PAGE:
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Aussie teenager Kaylee McKeown sets short-course world record

Teenage Olympic hopeful Kaylee McKeown has set the ‘virtual’ Australian national short-course swimming championships alight by smashing the six-year-old 200m backstroke world record in Brisbane.

No one was more surprised by her blistering time than 19-year-old McKeown, who clocked 1 minute 58.94 on Saturday to eclipse the 2014 mark of 1:59.23 set by Hungary’s Katinka Hosszu.

“Short course is something we don’t get to do very often so I was excited to see what I could put up after some solid training this year,” McKeown said.

“I headed over to my teammates and my coach and they said ‘you just got a world record!’ and I was like, ‘what?’.

“I didn’t actually know till a few minutes later.

“It feels good and definitely different in a year where I have had my ups and downs. It’s the hardest year that I’ve gone through with my father passing away in August.

“He has been a motivation behind me so I just want to give it my best while I can.”

She went on to claim senior world championship silvers in the 200m backstroke and 4x100m medley in Gwangju, South Korea, last year.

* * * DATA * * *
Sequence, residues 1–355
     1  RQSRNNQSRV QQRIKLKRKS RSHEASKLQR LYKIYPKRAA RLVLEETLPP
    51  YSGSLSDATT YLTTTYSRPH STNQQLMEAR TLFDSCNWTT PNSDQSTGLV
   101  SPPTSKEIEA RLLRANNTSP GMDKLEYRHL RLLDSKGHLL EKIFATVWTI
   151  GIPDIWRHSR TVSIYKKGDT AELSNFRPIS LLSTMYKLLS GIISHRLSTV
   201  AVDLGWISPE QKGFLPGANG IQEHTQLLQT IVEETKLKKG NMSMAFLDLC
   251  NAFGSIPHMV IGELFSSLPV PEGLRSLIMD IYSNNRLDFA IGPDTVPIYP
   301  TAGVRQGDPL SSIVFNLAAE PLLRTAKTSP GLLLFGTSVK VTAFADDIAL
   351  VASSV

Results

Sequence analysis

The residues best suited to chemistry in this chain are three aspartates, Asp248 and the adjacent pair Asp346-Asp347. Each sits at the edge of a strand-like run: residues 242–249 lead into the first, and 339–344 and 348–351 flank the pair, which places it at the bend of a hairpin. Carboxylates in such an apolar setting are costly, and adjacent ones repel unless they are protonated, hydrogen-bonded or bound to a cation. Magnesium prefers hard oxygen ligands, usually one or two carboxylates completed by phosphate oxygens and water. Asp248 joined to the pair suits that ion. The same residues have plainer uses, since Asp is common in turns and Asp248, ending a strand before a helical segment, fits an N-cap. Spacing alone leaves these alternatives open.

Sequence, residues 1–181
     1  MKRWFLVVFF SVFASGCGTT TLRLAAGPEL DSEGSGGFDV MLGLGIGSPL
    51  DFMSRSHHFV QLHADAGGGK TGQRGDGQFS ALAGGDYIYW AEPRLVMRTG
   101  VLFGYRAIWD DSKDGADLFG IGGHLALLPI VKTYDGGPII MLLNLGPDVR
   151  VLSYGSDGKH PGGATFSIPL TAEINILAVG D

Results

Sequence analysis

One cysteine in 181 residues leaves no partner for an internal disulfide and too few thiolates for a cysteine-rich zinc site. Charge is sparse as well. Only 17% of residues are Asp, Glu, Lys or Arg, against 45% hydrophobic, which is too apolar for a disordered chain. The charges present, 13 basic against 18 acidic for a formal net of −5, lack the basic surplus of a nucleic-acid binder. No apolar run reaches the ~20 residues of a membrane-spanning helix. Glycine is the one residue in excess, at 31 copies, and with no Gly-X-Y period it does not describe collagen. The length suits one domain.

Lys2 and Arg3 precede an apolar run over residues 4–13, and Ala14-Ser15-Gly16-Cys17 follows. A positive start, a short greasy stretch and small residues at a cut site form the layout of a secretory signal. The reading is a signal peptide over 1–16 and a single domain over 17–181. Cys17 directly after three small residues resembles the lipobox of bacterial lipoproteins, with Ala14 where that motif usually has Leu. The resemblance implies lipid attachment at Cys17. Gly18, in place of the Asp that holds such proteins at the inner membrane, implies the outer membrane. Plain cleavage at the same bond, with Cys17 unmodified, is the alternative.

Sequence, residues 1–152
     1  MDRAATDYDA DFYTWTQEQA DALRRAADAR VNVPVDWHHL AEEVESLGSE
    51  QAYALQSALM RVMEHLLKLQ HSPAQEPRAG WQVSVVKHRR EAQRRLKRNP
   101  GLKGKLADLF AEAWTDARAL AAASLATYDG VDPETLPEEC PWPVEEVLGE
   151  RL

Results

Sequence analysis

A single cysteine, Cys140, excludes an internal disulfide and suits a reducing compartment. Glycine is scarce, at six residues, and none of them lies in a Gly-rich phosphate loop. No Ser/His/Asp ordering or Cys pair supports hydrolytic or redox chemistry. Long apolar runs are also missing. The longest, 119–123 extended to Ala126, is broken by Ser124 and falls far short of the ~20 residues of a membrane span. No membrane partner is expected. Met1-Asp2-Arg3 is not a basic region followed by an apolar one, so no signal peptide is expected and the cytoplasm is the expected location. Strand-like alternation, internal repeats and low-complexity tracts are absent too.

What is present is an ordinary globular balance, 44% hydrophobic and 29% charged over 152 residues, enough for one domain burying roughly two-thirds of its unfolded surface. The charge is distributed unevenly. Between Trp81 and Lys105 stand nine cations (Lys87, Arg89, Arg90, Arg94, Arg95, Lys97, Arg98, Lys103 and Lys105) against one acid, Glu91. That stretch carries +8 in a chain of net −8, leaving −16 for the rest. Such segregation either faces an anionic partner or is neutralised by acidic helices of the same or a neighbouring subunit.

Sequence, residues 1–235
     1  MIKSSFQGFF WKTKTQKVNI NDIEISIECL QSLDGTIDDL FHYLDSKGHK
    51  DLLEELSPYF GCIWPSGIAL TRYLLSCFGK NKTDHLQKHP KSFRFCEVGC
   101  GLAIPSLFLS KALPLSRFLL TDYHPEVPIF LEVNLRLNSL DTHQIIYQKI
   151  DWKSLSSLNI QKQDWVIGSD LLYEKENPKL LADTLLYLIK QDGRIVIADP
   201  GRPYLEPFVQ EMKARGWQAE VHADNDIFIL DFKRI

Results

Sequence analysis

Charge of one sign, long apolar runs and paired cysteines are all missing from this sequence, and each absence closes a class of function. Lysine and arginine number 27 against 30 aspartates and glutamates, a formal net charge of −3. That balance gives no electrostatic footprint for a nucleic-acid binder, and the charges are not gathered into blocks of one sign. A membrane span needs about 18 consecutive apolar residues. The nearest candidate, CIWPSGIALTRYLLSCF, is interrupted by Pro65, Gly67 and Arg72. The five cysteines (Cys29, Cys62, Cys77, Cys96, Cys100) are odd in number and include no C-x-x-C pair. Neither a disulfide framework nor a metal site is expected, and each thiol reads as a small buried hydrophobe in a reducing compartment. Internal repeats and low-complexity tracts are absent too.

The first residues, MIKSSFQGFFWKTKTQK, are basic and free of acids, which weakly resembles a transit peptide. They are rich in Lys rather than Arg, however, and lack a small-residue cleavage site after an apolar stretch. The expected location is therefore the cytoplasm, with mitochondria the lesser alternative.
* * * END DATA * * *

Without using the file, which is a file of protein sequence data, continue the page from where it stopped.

The national short-course championships, which were originally due to be held in Melbourne in October, have moved to a ‘virtual’ platform for 2020.

McKeown has her eye on next year’s Tokyo Olympics, having won gold over long course in the 50m, silver in the 100m and bronze in the 200m backstroke at the 2018 Youth Olympic Games in Buenos Aires.

Kaylee McKeown is the new 200m backstroke world-record holder. Credit: Getty

Instead of lining up alongside each other, swimmers compete at venues in Sydney, Melbourne, Brisbane, Perth and Hobart in four sessions of finals which began on Thursday and run until Sunday.

Each event is raced as close to simultaneously as possible and the results sent to a centralised platform, from where the swimmers are ranked to determine their final position.

They will not be awarded a national title, but because the event is run by Swimming Australia any records set can be ratified by world governing body FINA.

Other new world-record holders include Braedan Jason (men’s 400m freestyle S12), Madeleine McTernan (women’s 400m S14), Blake Cochrane (men’s 50m breaststroke SB7).

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